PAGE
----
What’s Going On Out There?

I’ve always been fascinated by astronomy.  As a kid in Hopkinsville, Kentucky I spent countless hours lying on my back and staring into the heavens fascinated by the stars and planets and the Milky Way.  My friend David Faulkner taught me to recognize Jupiter and Venus and to identify Orion’s belt and Betelgeuse. The kind of view I enjoyed 60+ years ago in Kentucky isn’t typically available today due to light pollution and there are many today who have never been able to see the night sky in all its glory.  Of course they do have the benefit of the beautiful Hubble Telescope photos.  They’re true works of art and I see them as a gift of our gracious Creator.

The view of the sky which was most spectacular for me when I was at sea in the navy:  off the coast of Rhode Island and Nova Scotia aboard the USS The Sullivans, aboard the USS Saratoga in the middle of the Mediterranean Sea, in the Gulf of Mexico aboard the USS Lexington, and the USS Richard B Anderson in the Pacific back in the days of Vietnam.  It was thrilling to go up to the ship’s bow (think Titanic minus the beautiful girl and the iceberg) during moonless nights under darken-ship conditions and look out into the vastness of space.  The view was made even more spectacular as there was no obstruction all the way to the horizon — just the stars and planets — a panorama of twinkling brilliance.  Since that time the closest I have come to that view is late at night on the roof of our boathouse at Lake Gaston.  Simply gaaaaawjus as they say in Georgia.

I shouldn’t leave this intro to the following article without mentioning that performing celestial navigation at sea was never much of a joy for me.  My navy days were prior to all the modern electronic navigation tools available today.  We did have LORAN, short for Long Range Navigation, but its accuracy was in tens of miles, not the tens of feet typical for todays GPS and inertial navigation systems.  No, what we used was a sextant (it had nothing to do with sex), a chronometer, a compass and straightedge, a nautical chart and a nautical almanac.  Finding our position at sea consisted of using angular measurements (sights, taken with the sextant) between celestial bodies and the visible horizon.  At a given time, any celestial body is located directly over one point on the Earth’s surface. The latitude and longitude of that point is known as the celestial body’s geographic position (GP), the location of which were determined from tables in the current Nautical Almanac.  Taking the sightings wasn’t that difficult provided the sea was relatively calm and the sky was clear.  The difficulty for me came in the numerous computations needed to fix our position and plot it on the chart.  Trust me, it could make your head swim.  I never really felt confident in the process.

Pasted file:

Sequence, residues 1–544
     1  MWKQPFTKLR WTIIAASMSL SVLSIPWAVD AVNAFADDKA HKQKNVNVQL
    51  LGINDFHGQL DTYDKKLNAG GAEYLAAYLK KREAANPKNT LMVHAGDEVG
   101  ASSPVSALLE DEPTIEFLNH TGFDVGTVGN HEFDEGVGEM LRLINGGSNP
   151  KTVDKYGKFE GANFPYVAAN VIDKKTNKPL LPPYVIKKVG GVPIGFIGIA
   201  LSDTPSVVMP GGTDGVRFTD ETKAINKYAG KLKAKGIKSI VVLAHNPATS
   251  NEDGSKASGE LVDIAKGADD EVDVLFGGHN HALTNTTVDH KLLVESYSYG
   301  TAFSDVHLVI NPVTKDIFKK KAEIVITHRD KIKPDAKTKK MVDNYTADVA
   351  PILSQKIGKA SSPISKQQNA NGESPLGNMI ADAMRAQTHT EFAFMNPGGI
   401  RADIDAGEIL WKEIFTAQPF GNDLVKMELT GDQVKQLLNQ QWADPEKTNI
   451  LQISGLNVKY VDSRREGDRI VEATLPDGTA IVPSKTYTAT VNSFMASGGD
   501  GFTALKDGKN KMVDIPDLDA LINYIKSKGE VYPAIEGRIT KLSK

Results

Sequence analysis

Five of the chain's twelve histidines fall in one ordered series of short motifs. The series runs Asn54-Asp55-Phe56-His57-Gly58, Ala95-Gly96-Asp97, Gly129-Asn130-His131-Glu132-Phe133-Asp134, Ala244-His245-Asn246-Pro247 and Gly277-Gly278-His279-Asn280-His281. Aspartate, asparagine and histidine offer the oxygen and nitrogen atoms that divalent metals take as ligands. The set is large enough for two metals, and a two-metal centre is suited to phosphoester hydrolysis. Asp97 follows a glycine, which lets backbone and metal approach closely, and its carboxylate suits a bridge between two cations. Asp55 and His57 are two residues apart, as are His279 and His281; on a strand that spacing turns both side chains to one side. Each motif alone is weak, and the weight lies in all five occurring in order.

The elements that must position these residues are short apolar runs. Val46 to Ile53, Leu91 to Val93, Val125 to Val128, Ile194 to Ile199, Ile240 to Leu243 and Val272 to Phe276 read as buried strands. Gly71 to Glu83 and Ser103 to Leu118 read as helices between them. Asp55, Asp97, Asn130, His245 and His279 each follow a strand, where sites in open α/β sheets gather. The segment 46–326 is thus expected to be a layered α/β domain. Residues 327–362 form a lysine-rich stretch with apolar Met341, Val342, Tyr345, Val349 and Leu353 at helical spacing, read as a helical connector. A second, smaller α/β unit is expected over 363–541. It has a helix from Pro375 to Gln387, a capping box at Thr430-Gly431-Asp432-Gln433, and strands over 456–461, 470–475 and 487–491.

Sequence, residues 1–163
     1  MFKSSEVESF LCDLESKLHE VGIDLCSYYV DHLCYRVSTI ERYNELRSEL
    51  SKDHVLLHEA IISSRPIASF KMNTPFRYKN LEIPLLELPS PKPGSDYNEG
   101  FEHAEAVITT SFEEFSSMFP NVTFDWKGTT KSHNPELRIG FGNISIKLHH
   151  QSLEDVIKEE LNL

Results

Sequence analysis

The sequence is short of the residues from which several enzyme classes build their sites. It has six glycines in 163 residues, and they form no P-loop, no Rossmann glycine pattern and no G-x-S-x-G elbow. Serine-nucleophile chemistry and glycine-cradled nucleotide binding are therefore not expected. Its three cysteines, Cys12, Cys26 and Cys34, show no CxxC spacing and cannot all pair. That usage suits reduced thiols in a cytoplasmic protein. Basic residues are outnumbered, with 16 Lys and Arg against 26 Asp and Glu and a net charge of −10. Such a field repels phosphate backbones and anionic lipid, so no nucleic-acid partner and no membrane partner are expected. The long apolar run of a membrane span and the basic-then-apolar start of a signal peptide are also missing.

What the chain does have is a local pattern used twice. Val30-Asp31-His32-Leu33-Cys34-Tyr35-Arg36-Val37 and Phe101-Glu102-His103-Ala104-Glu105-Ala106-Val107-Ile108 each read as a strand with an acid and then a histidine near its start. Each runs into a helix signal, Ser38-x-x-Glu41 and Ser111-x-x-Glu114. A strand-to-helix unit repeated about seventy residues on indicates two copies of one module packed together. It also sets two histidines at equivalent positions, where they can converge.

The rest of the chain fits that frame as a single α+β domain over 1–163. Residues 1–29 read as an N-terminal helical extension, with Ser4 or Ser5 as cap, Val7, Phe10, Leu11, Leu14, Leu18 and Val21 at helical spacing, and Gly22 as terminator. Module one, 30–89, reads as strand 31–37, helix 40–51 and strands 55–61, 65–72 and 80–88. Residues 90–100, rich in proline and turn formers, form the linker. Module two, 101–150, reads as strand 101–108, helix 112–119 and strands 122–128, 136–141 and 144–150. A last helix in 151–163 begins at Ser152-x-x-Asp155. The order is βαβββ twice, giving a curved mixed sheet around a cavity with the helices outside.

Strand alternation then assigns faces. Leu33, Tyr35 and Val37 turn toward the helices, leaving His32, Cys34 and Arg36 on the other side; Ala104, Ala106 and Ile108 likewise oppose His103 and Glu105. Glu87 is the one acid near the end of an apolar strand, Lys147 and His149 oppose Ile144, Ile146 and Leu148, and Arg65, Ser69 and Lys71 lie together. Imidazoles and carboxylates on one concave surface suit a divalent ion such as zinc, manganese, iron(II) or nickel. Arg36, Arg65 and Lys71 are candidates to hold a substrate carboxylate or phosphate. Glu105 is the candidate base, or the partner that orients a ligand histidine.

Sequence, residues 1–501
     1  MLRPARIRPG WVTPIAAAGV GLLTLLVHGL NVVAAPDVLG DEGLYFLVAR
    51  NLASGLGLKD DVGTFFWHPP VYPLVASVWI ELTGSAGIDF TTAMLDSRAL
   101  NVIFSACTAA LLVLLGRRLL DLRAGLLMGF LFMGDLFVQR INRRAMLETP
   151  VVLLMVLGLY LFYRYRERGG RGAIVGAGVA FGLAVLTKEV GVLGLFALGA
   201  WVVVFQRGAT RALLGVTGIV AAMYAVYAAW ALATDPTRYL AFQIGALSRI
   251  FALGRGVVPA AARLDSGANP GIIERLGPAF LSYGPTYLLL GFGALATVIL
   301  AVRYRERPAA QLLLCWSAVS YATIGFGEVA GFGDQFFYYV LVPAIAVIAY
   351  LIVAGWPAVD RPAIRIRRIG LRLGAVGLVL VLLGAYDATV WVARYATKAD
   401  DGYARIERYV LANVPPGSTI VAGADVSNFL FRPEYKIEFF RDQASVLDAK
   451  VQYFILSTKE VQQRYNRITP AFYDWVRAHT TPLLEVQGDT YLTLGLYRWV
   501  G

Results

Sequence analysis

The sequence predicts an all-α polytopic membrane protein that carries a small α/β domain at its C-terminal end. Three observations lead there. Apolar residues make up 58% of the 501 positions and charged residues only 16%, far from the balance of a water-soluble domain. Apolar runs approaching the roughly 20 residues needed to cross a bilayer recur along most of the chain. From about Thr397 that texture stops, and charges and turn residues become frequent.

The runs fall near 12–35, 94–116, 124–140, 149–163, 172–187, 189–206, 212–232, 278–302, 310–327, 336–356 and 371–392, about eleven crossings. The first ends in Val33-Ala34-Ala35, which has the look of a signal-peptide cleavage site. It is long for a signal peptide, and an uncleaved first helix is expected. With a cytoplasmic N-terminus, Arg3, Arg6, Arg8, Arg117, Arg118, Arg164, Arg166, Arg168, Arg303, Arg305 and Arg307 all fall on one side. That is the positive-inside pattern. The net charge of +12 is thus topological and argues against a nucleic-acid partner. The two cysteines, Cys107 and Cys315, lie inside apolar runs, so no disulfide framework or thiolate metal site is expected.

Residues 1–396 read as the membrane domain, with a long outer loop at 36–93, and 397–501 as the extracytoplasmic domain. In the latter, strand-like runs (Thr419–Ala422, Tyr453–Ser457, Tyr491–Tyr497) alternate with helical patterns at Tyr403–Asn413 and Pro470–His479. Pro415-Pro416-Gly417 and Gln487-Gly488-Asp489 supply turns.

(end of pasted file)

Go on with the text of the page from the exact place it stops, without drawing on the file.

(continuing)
Ok, so I got carried away a bit.  So, where am I going with this?  Although I took astronomy at the University of Missouri I never really understood how stars and planets came into being.  To me it seemed that the matter expelled at creation, assuming a “Big Bang” sort of beginning, would simply fly apart and never get back together — much as the helium in a burst helium-filled balloon would disburse and never reassemble or a drop of dye dripped into a fishbowl full of water would disburse and never again be distinguishable as a drop of dye — no matter how long you waited.  Well, the following Joshua Carroll article which appeared at: www.universetoday.com as: Stars: A Day in the Life is the best, most readable, explanation of the basics of star and planet formation I’ve ever seen. Just the right amount of technical detail without becoming mired in overly complex physics and chemistry.  Joshua Carroll is a student and a three-tour combat vet. I hope you enjoy the article and are impressed as I am with the marvelous works of our Lord in creation and nature.  RMF

Stars: A Day in the Life
by Joshua Carroll

600px-Embryonic_Stars_Amongst_Gas_and_Dust          Region of active star formation – Embryonic Stars amid molecular clouds.  Credit:ESA/NASA/JPL-Caltech

Joshua Carroll

Joshua Carroll

There is something about them that intrigues us all. These massive spheres of gas burning intensely from the energy of fusion buried many thousands of kilometers deep within their cores. The stars have been the object of humanity’s wonderment for as far back as we have records. Many of humanity’s religions can be tied to worshiping these celestial candles. For the Egyptians, the sun was representative of the God Ra, who each day vanquished the night and brought light and warmth to the lands. For the Greeks, it was Apollo who drove his flaming chariot across the sky, illuminating the world. Even in Christianity, Jesus can be said to be representative of the sun given the striking characteristics his story holds with ancient astrological beliefs and figures. In fact, many of the ancient beliefs follow a similar path, all of which tie their origins to that of the worship of the sun and stars.